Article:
On August 15, 1843, the newly-finished cathedral of Honolulu was solemnly dedicated and 800 Catholics received Holy Communion.
From the very start, the Catholic mission also established, wherever feasible, independent schools in charge, or under the supervision, of the priest.
Maigret divided Oʻahu into missionary districts. Shortly after, the Windward coast of Oʻahu was dotted with chapels. The Sacred Hearts Father’s College of Ahuimanu was founded by the Catholic mission on the Windward side of Oʻahu in 1846.
“Outside the city, at Ahuimanu, Maigret has now a country retreat that he refers to by the Hawaiian word māla. It is a combination garden, orchard and kitchen garden.”
Nuhou describes it, “The venerable bishop has built his own vineyard and planted his own orchard … His retreat in the mountain, his “garden in the air” as he terms it, is a pleasant and profitable sight … with a small stone-walled cottage about fifteen feet by ten.” When the pressure of events allows it, Maigret takes refuge there.” (Charlot)
Although the College of Ahuimanu flourished, as apparently reported by the Bishop in 1865, “The college and the schools are doing well. But as the number of pupils is continually on the increase, it has become necessary to enlarge the college. First we have added a story and a top floor with an attic; then we have been obliged to construct a new building. And yet we are lacking room.”
One of its students, Damien (born as Jozef de Veuster,) arrived in Hawaiʻi on March 9, 1864, at the time a 24-year-old choirboy. Determined to become a priest, he had the remainder of the schooling at the College of Ahuimanu.
Bishop Maigret ordained Father Damien de Veuster at the Cathedral of Our Lady of Peace, on May 21, 1864; in 1873, Maigret assigned him to Molokaʻi. Damien spent the rest of his life in Hawaiʻi. In 2009, Father Damien was canonized by Pope Benedict XVI.
The College of Ahuimanu changed locations and also changed its name a couple of times. In 1881, it was renamed “College of St. Louis” in honor of Bishop Maigret’s patron Saint, Louis IX. It was the forerunner for Chaminade College and St Louis High School.
In 1859 the Sisters of the Sacred Hearts of Jesus and Mary arrived at Honolulu to take charge of a boarding and day-school for girls. In 1883-84 the Brothers of Mary, from Dayton, Ohio, took charge of three schools for boys: St. Louis’s College at Honolulu, St. Mary’s School at Hilo and St. Anthony’s School at Wailuku.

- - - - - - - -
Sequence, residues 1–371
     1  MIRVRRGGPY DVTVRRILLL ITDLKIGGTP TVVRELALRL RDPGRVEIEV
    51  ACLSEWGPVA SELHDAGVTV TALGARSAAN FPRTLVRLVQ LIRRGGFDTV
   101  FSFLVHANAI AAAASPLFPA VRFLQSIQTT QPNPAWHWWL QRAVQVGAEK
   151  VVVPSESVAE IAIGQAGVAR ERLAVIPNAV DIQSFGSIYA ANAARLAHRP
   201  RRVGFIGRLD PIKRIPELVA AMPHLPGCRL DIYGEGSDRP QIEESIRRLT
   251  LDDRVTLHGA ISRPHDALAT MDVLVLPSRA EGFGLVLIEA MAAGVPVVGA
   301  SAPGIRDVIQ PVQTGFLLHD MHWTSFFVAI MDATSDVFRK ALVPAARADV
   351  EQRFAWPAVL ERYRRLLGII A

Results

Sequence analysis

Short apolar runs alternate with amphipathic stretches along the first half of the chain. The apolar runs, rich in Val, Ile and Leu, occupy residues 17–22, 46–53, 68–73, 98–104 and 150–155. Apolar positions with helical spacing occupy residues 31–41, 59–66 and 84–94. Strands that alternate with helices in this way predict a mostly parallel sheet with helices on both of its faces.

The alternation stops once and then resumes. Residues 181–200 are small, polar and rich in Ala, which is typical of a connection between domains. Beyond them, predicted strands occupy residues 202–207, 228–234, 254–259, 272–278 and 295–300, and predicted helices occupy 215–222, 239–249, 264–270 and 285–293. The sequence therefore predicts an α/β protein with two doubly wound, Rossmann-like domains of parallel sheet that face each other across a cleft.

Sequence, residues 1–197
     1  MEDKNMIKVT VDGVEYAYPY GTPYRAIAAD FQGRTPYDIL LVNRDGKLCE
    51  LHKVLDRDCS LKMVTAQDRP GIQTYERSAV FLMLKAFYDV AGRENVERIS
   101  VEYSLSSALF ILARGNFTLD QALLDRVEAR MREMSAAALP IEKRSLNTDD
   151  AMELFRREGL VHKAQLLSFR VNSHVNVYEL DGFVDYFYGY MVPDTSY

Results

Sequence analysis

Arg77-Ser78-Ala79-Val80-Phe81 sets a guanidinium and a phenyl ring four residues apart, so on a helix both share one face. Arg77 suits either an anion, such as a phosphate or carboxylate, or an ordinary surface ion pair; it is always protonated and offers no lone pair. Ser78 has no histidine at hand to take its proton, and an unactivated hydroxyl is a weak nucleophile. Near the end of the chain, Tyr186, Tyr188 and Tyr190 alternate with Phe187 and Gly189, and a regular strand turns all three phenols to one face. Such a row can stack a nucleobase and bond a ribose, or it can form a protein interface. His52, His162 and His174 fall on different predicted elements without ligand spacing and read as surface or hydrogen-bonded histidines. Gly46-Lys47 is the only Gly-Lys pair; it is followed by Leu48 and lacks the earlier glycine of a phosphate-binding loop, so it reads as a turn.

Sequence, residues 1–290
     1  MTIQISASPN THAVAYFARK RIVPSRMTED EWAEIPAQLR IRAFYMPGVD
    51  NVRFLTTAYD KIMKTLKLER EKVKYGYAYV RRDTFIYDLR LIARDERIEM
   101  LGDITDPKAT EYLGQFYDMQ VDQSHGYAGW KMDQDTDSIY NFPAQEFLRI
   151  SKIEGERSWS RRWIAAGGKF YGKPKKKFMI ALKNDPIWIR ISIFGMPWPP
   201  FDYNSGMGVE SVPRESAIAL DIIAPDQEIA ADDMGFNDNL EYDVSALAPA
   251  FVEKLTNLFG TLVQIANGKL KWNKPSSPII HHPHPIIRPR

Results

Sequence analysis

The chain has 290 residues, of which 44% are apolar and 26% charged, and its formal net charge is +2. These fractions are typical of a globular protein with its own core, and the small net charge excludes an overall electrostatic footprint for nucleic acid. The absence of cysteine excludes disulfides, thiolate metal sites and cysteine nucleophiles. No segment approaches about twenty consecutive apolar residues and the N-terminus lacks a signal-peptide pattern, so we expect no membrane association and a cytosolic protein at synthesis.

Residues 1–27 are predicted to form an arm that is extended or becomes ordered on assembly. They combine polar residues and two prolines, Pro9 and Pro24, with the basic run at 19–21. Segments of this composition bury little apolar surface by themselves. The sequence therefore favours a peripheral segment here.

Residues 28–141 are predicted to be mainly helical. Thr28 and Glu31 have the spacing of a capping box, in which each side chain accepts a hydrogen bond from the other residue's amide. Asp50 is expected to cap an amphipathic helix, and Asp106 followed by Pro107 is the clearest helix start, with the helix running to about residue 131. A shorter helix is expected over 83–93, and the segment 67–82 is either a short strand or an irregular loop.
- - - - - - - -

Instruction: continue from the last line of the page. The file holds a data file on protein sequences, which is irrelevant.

In 1882, the mission received a considerable increase by the immigration of Portuguese imported from the Azores as laborers for the plantations.
In January 1883, Walter Gibson, Minister of Foreign Affairs and president of the Board of Health, appealed to Hermann Koeckemann, Bishop of Olba, head of the Catholic Mission in Hawai‘i, to obtain Sisters of Charity from one of the many sisterhoods in the US to come and help care for leprous women and girls in the Islands.
On October 23, 1883, Mother Marianne and her companions set off for Hawai’i, arriving on November 9. These were: Sister M Bonaventure Caraher, Sister Crescentia Eilers, Sister Ludovica Gibbons, Sister M Rosalia McLaughlin, Sister Renata Nash and Sister Mary Antonella Murphy.
Father Damien himself succumbed to leprosy on April 15, 1889. Upon the death of Damien, Mother Marianne agreed to also head the Boys Home at Kalawao. The Board of Health had quickly chosen her as Saint Damien’s successor and she was thus enabled to keep her promise to him to look after his boys.
Mother Marianne was canonized on Oct. 21, 2012, making her the first Franciscan woman to be canonized from North America and only the 11th American saint. Forevermore, she will be known as St Marianne Cope, with the title “beloved mother of outcasts.”
By 1911, Hawaiʻi had 85 priests, 30 churches and 55 chapels. The Catholic population was 35,000; there were 4 academies, a college and 9 parochial schools established by the mission, and the total number of pupils was 2,200.